(NAGPRA), an act with the purpose to provide “protection, return, and repatriation of Native American remains and artifacts found on federal or tribal lands” (par. 66). However, according to the article “An Analysis of the Lack of Protection for Intangible Tribal Cultural Property in the Digital Age,” author Chante Westmoreland states that the NAGPRA did “offer some protection for the tangible cultural property but omit protection for the sacred traditional knowledge the object conveys” (Westmoreland par. 10).
There are many acts that try to provide protection concerning intellectual property, but they do not provide enough protection for the Native American intellectual property including traditional property, traditional cultural expressions, and genetic resources. According to the article called “Group Right to Cultural Survival: Intellectual Property Rights in Native American Cultural Symbols,” Terence Dougherty states that, “Intellectual property law in the context of cultural appropriation is particularly relevant to many Native Americans” (Dougherty par. 44). Dougherty also explains that with the significant misuse of the native symbols, cultural appropriation can greatly affect the cultural survival of the native people. Furthermore, in Westmoreland’s article, he states that “sacred traditional knowledge is not merely information, it is essential to the tribal way of life” (par. 9). This demonstrates that the intellectual property of the Native Americans is extremely important to them in their living and their culture. Therefore, to avoid the misuse that can cause a negative impact on the native people, anyone who wants to use the property must have authorization from the native people. Moreover, the federal government needs to provide a law that specifically protects Native American traditional knowledge, traditional cultural expressions, and genetic resources.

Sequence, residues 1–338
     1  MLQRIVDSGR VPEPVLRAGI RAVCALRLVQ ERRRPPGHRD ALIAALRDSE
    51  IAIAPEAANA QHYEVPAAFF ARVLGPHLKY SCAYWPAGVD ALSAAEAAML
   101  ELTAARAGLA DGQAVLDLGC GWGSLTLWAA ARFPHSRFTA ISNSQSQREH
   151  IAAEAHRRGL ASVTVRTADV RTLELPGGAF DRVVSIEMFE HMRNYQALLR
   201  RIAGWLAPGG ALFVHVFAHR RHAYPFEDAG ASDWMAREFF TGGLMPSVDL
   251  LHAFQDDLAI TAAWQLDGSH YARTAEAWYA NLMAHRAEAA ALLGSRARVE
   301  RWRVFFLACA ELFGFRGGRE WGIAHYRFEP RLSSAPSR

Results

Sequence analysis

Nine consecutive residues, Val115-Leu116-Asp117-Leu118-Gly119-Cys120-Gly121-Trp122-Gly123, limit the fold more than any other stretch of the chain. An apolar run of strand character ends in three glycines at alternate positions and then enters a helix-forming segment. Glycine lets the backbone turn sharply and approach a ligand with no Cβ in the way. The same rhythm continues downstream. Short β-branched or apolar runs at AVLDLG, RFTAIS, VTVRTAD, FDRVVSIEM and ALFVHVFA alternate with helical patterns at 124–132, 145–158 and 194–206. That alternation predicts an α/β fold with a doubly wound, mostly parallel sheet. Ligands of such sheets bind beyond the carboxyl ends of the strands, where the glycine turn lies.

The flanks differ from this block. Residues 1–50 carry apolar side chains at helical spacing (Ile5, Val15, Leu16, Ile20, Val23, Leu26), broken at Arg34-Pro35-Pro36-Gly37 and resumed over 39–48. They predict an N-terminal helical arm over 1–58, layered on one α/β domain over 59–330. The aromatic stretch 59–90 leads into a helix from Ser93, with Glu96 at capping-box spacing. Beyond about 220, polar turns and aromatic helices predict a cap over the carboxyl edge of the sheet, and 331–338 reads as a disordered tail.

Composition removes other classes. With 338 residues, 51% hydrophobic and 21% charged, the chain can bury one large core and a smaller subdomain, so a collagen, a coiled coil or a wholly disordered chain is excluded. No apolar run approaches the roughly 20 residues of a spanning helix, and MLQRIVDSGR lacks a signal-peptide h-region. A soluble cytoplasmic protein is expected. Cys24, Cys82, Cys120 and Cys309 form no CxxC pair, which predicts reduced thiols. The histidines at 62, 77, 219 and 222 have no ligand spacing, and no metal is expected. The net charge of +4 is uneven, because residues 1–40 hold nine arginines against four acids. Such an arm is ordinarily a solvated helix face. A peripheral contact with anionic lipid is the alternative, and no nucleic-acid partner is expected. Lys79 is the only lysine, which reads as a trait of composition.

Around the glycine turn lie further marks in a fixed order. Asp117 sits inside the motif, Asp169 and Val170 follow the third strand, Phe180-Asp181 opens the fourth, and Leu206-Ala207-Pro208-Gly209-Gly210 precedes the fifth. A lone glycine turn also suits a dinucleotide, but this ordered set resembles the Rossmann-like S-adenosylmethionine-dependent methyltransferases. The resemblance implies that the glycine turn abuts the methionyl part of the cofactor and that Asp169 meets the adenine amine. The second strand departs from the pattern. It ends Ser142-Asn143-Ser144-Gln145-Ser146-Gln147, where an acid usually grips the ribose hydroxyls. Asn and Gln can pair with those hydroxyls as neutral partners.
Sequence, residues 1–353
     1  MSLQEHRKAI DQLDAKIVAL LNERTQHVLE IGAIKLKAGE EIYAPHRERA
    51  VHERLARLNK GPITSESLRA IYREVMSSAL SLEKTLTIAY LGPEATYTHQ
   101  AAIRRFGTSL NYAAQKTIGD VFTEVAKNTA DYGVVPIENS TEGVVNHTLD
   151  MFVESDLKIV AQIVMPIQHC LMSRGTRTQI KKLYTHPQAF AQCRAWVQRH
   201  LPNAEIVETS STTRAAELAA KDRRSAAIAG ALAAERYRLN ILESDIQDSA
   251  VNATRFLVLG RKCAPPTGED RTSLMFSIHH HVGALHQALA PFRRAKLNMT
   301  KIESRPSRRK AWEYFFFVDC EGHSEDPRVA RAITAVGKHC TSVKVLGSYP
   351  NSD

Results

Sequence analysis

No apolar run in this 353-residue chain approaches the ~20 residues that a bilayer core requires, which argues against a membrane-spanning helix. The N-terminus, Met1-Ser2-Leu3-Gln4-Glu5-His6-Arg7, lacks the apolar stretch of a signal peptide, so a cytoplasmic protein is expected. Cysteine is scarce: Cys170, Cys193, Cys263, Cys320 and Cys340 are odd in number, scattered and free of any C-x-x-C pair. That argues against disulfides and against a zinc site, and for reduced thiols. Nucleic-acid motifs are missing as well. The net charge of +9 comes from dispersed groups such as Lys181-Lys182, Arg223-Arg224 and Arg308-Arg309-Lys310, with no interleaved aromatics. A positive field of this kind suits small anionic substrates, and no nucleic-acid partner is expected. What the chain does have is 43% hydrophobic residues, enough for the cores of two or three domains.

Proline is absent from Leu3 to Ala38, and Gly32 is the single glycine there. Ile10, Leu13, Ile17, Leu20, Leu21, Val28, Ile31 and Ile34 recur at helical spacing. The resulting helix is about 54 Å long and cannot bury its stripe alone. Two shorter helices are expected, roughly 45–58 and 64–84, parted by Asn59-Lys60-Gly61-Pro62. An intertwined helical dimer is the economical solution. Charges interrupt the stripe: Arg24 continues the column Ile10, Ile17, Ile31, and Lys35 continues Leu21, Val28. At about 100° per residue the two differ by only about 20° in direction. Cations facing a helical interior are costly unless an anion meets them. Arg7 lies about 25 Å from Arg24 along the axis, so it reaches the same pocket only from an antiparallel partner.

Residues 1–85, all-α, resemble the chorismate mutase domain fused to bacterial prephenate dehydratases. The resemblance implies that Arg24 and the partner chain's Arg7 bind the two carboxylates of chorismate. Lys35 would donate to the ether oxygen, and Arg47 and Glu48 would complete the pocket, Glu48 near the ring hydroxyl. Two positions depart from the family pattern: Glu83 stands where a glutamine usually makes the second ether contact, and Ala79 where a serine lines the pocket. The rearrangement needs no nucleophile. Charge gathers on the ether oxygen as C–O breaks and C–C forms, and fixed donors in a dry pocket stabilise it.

Dougherty, Terence. (1998). Group Rights to Cultural Survival: Intellectual Property Rights in
Native American Cultural Symbols. Columbia Human Rights Law Review, 29(2), 400.
Shabalala, Dalindyebo Bafana, (2017) "Intellectual Property, Traditional Knowledge, and
Traditional Cultural Expressions in Native American Tribal Codes," Akron Law Review:
Vol. 51: Iss. 4, Article 5.
Westmoreland, Chante. (2018). “An Analysis of the Lack of Protection for Intangible Tribal Cultural Property in the Digital Age.” California Law Review, 106(3), 959-990.